From the rich archives of the abbey of the Holy Trinity of Cava, Valerie Ramseyer reconstructed the complex religious history of southern Italy. No single religious or political figure claimed authority in the region before the eleventh century, and pastoral care was provided by a wide variety of small religious houses. The line between the secular and the regular clergy was not well pronounced, nor was the boundary between the clergy and the laity or between eastern and western religious practices.
In the second half of the eleventh century, however, the archbishop of Salerno and the powerful abbey of Cava acted to transform the situation. Centralized and hierarchical ecclesiastical structures took shape, and an effort was made to standardize religious practices along the lines espoused by reform popes such as Leo IX and Gregory VII. Yet prelates in southern Italy did not accept all aspects of the reform program emanating from centers such as Rome and Cluny, and the region's religious life continued to differ in many respects from that in Francia: priests continued to marry and have children, laypeople to found and administer churches, and Greek clerics and religious practices to coexist with those sanctioned by Rome.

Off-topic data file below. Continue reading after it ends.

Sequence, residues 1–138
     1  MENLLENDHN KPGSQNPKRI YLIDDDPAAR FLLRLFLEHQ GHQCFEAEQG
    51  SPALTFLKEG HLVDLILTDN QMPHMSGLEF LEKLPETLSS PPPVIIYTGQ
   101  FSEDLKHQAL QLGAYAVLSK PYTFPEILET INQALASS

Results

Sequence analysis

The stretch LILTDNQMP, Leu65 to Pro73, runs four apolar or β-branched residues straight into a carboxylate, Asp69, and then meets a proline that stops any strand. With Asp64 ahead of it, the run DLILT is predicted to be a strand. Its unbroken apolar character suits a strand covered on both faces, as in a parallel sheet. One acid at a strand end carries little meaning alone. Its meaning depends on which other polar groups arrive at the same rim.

Valerie Ramseyer is Associate Professor of History at Wellesley College.
In Florence, economic realities and spiritual yearnings intersected in mysterious ways. A busy grain market on a site where a church once stood, for instance, remained a sacred place where many gathered to sing and pray before a painted image of the Virgin Mary, as well as to conduct business. At the same time, religious communities contributed directly to the economic development of the diocese in the areas of food production, fiscal affairs, and urban development, while they also provided institutional leadership and spiritual guidance during a time of profound uncertainty. Addressing such issues as systems of patronage and jurisdictional rights, Dameron portrays the working of the rural and urban church in all of its complexity. Florence and Its Church in the Age of Dante fills a major gap in scholarship and will be of particular interest to medievalists, church historians, and Italianists.